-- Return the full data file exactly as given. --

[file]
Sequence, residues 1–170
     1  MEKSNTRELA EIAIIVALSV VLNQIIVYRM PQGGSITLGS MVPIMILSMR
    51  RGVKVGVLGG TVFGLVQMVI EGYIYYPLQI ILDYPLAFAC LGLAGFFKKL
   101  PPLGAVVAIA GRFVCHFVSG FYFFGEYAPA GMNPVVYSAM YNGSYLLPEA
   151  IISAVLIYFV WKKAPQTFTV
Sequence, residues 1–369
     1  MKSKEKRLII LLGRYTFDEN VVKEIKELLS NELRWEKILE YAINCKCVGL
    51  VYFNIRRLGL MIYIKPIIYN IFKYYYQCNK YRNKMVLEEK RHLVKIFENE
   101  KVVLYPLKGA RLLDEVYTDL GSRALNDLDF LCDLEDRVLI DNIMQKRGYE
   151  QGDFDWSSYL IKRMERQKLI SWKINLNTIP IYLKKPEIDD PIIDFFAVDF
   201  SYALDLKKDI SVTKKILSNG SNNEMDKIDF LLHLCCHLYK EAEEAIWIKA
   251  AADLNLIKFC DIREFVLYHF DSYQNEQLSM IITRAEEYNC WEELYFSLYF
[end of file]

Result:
Sequence, residues 1–170
     1  MEKSNTRELA EIAIIVALSV VLNQIIVYRM PQGGSITLGS MVPIMILSMR
    51  RGVKVGVLGG TVFGLVQMVI EGYIYYPLQI ILDYPLAFAC LGLAGFFKKL
   101  PPLGAVVAIA GRFVCHFVSG FYFFGEYAPA GMNPVVYSAM YNGSYLLPEA
   151  IISAVLIYFV WKKAPQTFTV
Sequence, residues 1–369
     1  MKSKEKRLII LLGRYTFDEN VVKEIKELLS NELRWEKILE YAINCKCVGL
    51  VYFNIRRLGL MIYIKPIIYN IFKYYYQCNK YRNKMVLEEK RHLVKIFENE
   101  KVVLYPLKGA RLLDEVYTDL GSRALNDLDF LCDLEDRVLI DNIMQKRGYE
   151  QGDFDWSSYL IKRMERQKLI SWKINLNTIP IYLKKPEIDD PIIDFFAVDF
   201  SYALDLKKDI SVTKKILSNG SNNEMDKIDF LLHLCCHLYK EAEEAIWIKA
   251  AADLNLIKFC DIREFVLYHF DSYQNEQLSM IITRAEEYNC WEELYFSLYF